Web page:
Now, that is just neat any way you look at it… It looks like a single leaf with a stem running through the middle.
The leaves have a very prominent midrib (or midvein).
The undersides of the leaves have a kind of a whitish cast because of the short, soft hair.
The oddly shaped leaves grow in an opposite manner, meaning one across from another. With this species, the pairs above and below grow at a 90° angle from each other.
Several species of bees feed on the nectar produced by their flowers and a few species of caterpillars feed on the leaves.
The fruits (drupes) of this plant have been used as a coffee substitute.
At some point, I hope to find this species again to take more photos. The underbrush in this area can be terrible.
Triosteum perfoliatum was a very neat find that will keep me going back to its area of the woods.
I have enjoyed photographing and learning about the many wildflowers growing on the farm and in other areas. The farm I live on is in Windsor, Missouri in Pettis County (Henry County is across the street, and Benton and Johnson aren’t far away). I have grown over 500 different plants and identified over 250 species of wildflowers (most have pages listed on the right side of the blog). I am not an expert, botanist, or horticulturalist. I just like growing, photographing, and writing about my experience. I rely on several websites for ID and a horticulturalist I contact if I cannot figure them out. Wildflowers can be somewhat variable from location to location, so sometimes it gets a bit confusing. If you see I have made an error, please let me know so I can correct what I have written.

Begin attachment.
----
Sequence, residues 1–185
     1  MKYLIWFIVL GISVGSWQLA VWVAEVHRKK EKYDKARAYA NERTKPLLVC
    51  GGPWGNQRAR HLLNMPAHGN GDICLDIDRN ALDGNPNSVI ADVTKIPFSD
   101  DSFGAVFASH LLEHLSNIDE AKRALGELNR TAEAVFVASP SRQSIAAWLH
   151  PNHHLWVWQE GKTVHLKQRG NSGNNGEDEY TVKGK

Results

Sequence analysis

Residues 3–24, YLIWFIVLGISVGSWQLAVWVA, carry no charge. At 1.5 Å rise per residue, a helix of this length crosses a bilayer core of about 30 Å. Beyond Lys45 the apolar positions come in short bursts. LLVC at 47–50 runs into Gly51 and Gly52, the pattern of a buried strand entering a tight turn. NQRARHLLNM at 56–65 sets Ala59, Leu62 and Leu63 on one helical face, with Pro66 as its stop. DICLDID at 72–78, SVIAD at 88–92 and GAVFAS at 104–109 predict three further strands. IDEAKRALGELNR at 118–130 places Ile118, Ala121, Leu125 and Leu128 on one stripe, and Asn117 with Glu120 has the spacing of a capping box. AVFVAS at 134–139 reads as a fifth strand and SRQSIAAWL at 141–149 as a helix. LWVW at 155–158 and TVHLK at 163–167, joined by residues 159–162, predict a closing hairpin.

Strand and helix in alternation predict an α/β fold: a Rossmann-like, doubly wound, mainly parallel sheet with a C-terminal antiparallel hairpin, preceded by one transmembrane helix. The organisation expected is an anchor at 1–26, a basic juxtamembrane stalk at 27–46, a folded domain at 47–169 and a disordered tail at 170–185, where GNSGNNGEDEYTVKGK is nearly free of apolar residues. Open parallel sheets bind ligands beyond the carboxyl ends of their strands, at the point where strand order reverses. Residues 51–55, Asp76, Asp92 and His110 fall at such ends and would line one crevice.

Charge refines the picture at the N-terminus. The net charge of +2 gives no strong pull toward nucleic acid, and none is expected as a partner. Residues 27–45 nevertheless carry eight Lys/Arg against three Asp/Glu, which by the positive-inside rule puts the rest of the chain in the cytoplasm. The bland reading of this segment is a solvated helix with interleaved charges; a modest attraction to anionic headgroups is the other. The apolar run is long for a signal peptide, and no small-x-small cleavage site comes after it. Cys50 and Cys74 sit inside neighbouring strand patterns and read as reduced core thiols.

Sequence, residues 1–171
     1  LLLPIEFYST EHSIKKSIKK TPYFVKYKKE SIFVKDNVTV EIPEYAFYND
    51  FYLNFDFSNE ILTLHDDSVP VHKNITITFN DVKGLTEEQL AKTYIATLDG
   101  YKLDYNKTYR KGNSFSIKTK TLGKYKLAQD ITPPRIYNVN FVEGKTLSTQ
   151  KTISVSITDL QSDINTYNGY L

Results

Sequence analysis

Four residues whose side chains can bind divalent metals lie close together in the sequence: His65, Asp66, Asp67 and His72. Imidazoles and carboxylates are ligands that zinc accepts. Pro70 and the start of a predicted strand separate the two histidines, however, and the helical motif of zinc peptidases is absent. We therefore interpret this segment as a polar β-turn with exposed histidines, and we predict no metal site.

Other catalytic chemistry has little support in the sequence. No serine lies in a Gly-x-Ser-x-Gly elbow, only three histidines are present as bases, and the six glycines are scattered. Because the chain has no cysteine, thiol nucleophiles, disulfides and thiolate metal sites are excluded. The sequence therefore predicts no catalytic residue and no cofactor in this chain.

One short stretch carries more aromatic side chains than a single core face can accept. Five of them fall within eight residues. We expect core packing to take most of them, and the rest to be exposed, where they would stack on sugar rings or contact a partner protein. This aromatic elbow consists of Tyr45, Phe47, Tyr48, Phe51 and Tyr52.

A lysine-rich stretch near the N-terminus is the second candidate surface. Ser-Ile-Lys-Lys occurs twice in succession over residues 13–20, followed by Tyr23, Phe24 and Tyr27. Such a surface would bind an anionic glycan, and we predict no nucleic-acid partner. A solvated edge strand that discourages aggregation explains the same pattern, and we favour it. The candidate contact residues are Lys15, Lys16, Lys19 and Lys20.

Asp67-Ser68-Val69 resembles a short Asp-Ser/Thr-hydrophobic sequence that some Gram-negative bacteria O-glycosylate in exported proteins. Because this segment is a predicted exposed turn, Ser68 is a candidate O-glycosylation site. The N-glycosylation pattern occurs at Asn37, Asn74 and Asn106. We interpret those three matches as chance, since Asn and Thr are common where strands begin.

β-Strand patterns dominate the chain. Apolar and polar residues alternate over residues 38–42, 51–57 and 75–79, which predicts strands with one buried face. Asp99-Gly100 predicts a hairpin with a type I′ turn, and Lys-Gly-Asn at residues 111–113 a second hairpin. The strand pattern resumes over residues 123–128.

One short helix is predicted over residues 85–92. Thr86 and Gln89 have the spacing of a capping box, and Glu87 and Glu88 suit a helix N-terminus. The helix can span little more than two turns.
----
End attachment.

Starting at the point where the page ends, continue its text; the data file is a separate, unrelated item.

I hope you found this page useful and be sure to check the links below for more information. They were written by experts and provide much more information. Some sites may not be up-to-date but they are always a work in progress. If you can, I would appreciate it if you would click on the “Like” below and leave a comment. It helps us bloggers stay motivated. You can also send an email to me at email@example.com. I would enjoy hearing from you especially if you notice something is a bit whacky
FOR FURTHER READING:
PLANTS OF THE WORLD ONLINE (GENUS/SPECIES)
INTERNATIONAL PLANT NAMES INDEX (GENUS/SPECIES)
FLORA OF MISSOURI (GENUS/SPECIES)
WORLD FLORA ONLINE (GENUS/SPECIES)
USDA PLANTS DATABASE
MISSOURI DEPARTMENT OF CONSERVATION
KANSAS WILDFLOWERS AND GRASSES
PFAF (PLANTS FOR A FUTURE)
FRIENDS OF THE WILDFLOWER GARDEN
NOTE: The data (figures, maps, accepted names, etc.) may not match on these websites. It depends on when and how they make updates and when their sources make updates. Some websites have hundreds and even many thousands of species to keep up with. Accepted scientific names change periodically and it can be hard to keep with as well. Some of the links may use a name that is a synonym on other sites. In my opinion, Plants of the World Online by Kew is the most reliable and up-to-date plant database and they make updates on a regular basis. I make updates “at least” once a year and when I write new pages or add new photos but I do get behind. We are all a work in progress. 🙂